Rural Alaska electric utilities stricken by high fuel prices

Village electric utilities in rural Alaska, panicked over the sky-high cost of fuel arriving on the summer's first barges, are appealing to the state for help.

The fuel bill for the Alaska Village Electric Cooperative, which serves 53 small villages in the west of the state, is leaping from $14 million last year to $26 million. That cost will be reflected in electricity rate increases that some villagers cannot afford, said Meera Kohler, the co-op's president.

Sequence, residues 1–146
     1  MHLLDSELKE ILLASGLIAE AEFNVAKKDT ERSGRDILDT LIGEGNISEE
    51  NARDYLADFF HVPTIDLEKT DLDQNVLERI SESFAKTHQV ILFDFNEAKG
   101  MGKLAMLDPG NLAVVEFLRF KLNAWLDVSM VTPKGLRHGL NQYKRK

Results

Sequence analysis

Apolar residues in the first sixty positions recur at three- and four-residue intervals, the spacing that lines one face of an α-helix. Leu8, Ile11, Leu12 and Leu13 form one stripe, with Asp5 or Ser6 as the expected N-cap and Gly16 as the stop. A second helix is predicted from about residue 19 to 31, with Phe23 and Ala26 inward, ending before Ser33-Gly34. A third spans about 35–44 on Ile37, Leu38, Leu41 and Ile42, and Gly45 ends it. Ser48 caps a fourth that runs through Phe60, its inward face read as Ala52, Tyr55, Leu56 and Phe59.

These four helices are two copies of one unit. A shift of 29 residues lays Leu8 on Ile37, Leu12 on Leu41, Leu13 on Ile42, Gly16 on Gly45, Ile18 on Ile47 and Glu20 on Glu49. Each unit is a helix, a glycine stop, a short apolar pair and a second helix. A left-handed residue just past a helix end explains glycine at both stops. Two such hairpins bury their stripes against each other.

In the village of Eek, for example, residents are looking at electric bills increasing another one-third to one-half. Eek, near the mouth of the Kuskokwim River, has an average household income of only $17,500, according to the federal census. Many families already have a hard time paying electric bills that run to $300 a month, said city clerk Fritz Petluska.

"There's quite a few families that designate one of their Permanent Fund checks to AVEC," Petluska said. "I think in most villages, that's what's going on."

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